8th december 2022 / By Rachel Aspinall

Let's talk about 
student mental health

The invisible plague affecting students and young professionals

Team Amplify celebrated crossing the finish line in the Florence Marathon last month,  marking our fifth in total, and fourth in support of Student Minds' – an organisation dedicated to empowering students and members of the university community to look after their mental health, support others and create lasting change. 

Our global community comprises of more than 100,000 individuals and leading financial and educational institutions. Our students are either at school, in the throes of applying to university, or currently studying for an undergrad or master’s programme.

Statistically, students are the most vulnerable to mental health struggles because for many, it’s a time of stress related to the pressures of study, and to the uncertainty of what comes next.

We’re proud to support a cause affecting so many, and of our ongoing mission to support students with this transitional period of their lives, but what else is happening collectively to raise awareness and support the issue?

Research from Student Minds' captures how 1000 UK students were feeling at the beginning of 2022, having completed at least one university term. Here’s some of what they found:

  • 52% of respondents said they often felt lonely or isolated during Autumn term.
  • Academic performance continues to be students’ biggest concern, and students are also worried about managing their time and keeping up with study commitments.
  • 43% of respondents said they need support to manage their own wellbeing.

What are universities doing to ensure that student mental health is prioritised? And what should young people look for when selecting a university to ensure wellbeing support?

A good place to start is to investigate university wellbeing services. Some campuses may have specialist teams already set up, which offer additional support specific to individuals’ needs.

Our partner, The London School of Economics (LSE), have a Wellbeing Hub which includes a Disability and Wellbeing Service, offering help with dyslexia, mental health, and reasonable adjustments.

They also offer weekly interactive workshops to support students with managing anxiety which arises time and time again when studying and mental health are mentioned in the same sentence.

If you are a student studying in England or Wales, Student Space – created by Student Minds - has a University Search Directory where you can find out what support is available on your campus.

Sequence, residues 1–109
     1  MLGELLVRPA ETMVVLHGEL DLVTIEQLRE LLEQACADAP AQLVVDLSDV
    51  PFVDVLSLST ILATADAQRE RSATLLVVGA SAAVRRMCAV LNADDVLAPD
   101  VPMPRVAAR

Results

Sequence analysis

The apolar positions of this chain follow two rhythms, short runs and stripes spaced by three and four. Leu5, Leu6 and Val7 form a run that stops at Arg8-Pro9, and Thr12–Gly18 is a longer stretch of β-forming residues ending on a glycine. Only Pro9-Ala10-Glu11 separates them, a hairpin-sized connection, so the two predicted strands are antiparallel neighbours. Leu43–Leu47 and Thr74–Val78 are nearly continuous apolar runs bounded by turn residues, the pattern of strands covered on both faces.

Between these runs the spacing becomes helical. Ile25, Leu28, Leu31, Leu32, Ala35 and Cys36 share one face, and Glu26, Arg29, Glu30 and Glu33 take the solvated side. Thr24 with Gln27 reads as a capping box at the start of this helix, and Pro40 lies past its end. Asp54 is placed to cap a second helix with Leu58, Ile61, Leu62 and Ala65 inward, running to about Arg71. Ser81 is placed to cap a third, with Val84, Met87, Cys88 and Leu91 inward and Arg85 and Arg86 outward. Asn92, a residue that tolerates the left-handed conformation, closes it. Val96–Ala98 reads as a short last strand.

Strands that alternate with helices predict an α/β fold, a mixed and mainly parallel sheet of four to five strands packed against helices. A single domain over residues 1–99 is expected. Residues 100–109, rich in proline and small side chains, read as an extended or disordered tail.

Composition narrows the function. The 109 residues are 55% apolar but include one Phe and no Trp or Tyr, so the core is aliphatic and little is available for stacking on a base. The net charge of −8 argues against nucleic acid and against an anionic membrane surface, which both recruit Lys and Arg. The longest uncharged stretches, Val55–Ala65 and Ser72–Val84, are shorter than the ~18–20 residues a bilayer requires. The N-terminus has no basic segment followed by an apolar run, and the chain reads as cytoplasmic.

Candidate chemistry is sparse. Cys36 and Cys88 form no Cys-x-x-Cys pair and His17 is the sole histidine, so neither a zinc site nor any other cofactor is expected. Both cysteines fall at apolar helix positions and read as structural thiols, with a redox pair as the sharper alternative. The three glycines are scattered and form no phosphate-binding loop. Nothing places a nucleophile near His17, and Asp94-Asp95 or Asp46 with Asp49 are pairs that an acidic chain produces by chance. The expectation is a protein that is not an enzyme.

We asked Sam Allen, who works in Amplify’s London team and graduated from another one of our partners, Loughborough University in 2021, what he thinks Universities could do to support their students. He said:

“Compulsory education around managing stress and anxiety rather than putting the onus on students could be a great way to help either yourself or someone else you’re worried about could be a good move for universities.  Loughborough had a 24-hour helpline which is great, and widely used I believe”

So, what about after university?

The transition between education and work can conjure feelings of professional uncertainty and lack of coping, both of which impact young professionals’ mental health.

In terms of the financial industry, we know how especially confusing it can be for students who know they want to work in finance but have little no idea what the different roles entail.

We make it our mission to inform students and demystify finance, using technology to showcase opportunities and allow students to get hired based on ability, not background.

How can we bridge the gap between university and the workplace

Work-readiness is a huge part of our service for universities, financial institutions alike. With more than X combined years working in investment bank trading, our team understand how best to prepare students for what’s to come so they can hit the ground running and progress fast within the right roles for them. 

We offer mentoring, career advice, interviewing support and what to expect form a professional and cultural perspective within a financial institution.

The future looks bright

Cultural change is happening, and support is growing. In 2019 the  introduction of the University Mental Health Charter by student minds provides a set of evidence-informed principles to create cultural change and support universities across the UK in making mental health a university-wide priority.

So far, 41 UK universities have joined the Charter Programme and members can apply to the Charter Award, which recognises those universities that promote good mental health and demonstrate excellent practice.

George Backhouse, Head of AmplifyMe who completed the Florence Marathon for Student Minds is positive about the future of students’ and young professionals’ wellbeing:“

Student minds is the perfect example of dedicated support for this issue today and our university partners around the world demonstrate how committed they are to this cause. At Amplify we’ll work tirelessly to support students through their journey and make the transition between study and work as stress-free as possible”.

Find out more

To find out more about more about Amplify’s mission and how we support students navigate an often-difficult transition, financial institutions recruit diverse, quality talent, and universities inspire and delight their students go to www.amplifyme.com

To read more about the fantastic work Student Minds do visit www.studentminds.com